Reflexivity is, quite simply, self-reference.
Hofstadter beats the subject to death (1979) by discussing at length how sentences can be self-referencial. For example, "This sentence is short."
People are reflexive when they make references to themselves. "I am happy."
Researchers speak of reflexivity when they openly consider their personal biases and consequent influence in their science. Agency, of the structure and agency duality, in its most active form is clearly attributable to reflexivity. And semiotics, the science of symbols, depends profoundly on reflexivity in a process known as semiosis. In social science, reflexivity is not a subject in itself, only an acknowledged attribute of certain behaviours. Have a look at Ryan for a nice little discussion and some references that go past what I want to here.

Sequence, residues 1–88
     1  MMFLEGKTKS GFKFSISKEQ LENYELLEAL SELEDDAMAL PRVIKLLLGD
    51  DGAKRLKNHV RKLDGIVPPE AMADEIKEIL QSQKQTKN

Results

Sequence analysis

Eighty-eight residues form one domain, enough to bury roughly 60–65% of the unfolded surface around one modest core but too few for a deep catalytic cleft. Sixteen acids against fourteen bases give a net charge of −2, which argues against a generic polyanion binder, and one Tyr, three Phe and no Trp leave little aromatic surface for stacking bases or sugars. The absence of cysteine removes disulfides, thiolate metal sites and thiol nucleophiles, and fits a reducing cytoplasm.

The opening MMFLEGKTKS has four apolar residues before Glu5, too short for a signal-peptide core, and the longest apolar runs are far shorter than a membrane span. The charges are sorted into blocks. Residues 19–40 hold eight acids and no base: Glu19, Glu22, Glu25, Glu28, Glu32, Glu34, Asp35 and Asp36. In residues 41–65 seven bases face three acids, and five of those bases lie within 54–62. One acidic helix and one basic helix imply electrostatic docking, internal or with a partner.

Reflexivity also operates at a higher level than immediate self-reference. I consider software to be reflexive, reflexiveness being an attribute of its nature. Language is similar in this regard, being highly capable of expressing reflexivity. (See linguistic reflexivity.) Tools can operate the same way.
So, why go on about all this? Reflexivity is the hallmark of consciousness.